If you discover that you can’t move, then you will have to decide what the best way to get help is. Two person parties may have to carefully plan how to split up so one can go get help as quickly as possible. Parties of three or more can have one person stay with the injured person while another or a small group go for help. Assess your own situation carefully and try to make the best decision.

Broken bones

Breaking a bone can be incredibly scary and painful. However, a broken bone can be much more straightforward to deal with than other emergencies. It all depends on where you are. If you’re miles away from the car, you may be in for an epic, but a bit of improvised splinting and a lot of pain tolerance can often get you to safety.

Just like all the other injuries that can happen in the wilderness, a broken bone is hugely situational. You may have just a minor fracture that you can easily splint until you get to a hospital. However, you could have a major break that requires setting and causes excruciating pain. A broken arm is much easier to evacuate than a broken leg or ankle.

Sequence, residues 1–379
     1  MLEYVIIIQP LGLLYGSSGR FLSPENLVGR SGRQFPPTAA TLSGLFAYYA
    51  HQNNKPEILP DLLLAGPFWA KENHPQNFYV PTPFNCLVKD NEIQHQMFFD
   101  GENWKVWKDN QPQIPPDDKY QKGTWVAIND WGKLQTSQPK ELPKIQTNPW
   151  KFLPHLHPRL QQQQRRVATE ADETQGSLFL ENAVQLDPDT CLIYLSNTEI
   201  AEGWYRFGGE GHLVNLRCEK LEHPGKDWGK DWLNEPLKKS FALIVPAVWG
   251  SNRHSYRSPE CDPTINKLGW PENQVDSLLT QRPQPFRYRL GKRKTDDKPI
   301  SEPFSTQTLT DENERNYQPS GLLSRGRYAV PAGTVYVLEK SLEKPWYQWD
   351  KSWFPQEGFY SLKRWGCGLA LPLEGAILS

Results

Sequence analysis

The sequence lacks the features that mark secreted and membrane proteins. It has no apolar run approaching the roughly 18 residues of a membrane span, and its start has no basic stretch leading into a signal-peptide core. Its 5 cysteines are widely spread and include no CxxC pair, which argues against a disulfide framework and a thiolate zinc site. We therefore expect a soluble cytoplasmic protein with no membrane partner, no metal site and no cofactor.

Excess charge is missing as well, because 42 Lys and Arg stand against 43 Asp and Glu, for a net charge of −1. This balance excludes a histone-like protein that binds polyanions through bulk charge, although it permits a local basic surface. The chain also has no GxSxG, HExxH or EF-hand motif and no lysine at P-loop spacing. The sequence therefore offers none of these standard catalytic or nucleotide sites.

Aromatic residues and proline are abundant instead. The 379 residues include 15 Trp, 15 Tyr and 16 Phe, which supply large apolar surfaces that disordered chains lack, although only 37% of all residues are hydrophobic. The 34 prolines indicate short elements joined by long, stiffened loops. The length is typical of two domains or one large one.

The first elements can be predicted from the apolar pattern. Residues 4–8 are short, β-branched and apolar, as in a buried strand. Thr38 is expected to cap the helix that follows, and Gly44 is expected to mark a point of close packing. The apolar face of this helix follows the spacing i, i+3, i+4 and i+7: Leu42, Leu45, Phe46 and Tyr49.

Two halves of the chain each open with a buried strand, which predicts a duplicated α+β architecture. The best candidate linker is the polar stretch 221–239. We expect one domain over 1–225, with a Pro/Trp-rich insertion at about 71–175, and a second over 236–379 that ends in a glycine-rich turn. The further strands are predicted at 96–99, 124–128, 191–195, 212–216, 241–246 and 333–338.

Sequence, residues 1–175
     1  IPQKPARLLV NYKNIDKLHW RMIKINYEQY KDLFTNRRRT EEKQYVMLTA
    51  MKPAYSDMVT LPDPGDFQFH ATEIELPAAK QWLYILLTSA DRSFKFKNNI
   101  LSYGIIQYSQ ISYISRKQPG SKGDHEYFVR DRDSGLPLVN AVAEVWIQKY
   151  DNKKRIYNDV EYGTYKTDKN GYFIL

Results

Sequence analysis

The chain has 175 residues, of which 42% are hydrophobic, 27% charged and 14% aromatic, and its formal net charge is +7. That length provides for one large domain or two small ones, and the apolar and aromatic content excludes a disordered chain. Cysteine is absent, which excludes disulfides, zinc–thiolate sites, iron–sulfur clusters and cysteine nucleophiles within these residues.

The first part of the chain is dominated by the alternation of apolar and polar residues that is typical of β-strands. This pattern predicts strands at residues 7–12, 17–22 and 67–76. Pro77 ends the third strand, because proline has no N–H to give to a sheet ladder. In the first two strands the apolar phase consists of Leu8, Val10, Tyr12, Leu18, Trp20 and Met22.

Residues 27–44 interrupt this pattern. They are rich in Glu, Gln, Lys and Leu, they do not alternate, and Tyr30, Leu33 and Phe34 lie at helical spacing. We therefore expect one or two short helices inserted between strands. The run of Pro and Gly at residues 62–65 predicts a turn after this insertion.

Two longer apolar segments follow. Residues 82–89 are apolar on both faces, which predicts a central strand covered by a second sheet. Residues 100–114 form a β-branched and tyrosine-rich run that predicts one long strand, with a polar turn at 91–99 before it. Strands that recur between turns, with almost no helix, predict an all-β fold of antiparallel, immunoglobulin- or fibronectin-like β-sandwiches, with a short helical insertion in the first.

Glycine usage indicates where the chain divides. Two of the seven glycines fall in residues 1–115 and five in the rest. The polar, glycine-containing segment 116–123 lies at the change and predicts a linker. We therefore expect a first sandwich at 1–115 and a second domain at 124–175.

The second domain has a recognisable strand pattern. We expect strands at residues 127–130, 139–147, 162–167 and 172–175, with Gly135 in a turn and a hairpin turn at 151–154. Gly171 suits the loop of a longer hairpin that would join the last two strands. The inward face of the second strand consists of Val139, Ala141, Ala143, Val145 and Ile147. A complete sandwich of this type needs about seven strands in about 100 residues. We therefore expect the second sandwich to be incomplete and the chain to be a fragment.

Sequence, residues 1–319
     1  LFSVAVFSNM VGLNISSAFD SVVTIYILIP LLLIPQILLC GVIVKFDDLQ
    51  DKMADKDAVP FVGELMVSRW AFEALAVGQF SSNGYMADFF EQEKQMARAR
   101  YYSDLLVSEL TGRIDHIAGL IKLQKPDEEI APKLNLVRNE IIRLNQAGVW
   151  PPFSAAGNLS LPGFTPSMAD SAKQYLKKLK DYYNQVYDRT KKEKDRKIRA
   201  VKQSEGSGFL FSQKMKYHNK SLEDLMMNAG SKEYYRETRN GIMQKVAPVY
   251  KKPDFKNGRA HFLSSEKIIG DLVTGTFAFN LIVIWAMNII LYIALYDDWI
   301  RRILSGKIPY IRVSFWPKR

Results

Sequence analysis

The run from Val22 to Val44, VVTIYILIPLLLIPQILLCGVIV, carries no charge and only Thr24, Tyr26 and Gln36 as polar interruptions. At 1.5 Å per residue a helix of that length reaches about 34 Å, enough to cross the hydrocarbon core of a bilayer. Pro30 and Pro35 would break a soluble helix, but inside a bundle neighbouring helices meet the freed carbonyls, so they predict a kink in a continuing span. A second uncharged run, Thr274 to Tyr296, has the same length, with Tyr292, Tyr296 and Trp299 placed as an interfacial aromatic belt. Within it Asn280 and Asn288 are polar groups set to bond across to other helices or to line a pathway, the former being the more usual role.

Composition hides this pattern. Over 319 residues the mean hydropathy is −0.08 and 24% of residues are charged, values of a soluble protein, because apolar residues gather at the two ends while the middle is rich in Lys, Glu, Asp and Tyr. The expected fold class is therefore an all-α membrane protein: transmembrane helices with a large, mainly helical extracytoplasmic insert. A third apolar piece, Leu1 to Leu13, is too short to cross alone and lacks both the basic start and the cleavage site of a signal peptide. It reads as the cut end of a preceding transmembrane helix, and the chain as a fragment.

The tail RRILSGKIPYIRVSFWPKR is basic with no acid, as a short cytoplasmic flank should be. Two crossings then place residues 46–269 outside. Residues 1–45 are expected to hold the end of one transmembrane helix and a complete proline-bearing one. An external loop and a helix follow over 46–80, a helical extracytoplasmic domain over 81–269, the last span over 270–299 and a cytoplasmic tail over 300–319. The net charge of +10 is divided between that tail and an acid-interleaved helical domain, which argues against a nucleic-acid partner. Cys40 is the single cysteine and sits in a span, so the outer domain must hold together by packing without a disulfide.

first aid evacuation
Emergency help

If you or someone in your party does break a bone, your goal is to protect the limb and to immobilize it past a joint on either side. So if you were to break a bone in your forearm, for example, you would immobilize the arm past the wrist and past the elbow. Movement in a joint on either end of a broken bone will cause pain and could injure the limb more.

Learn wilderness first aid, but hopefully, never use it

Take care when planning trips into the back country
Take care when planning trips into the back country

You can practice all the wilderness first aid in the world. But even if you are a certified EMT and ready for any emergency, undoubtedly the best way to deal with an accident is to avoid it altogether. Take care when planning trips into the back country. Take a first aid kit and have a plan in case of an emergency. Being prepared is critical when disaster strikes.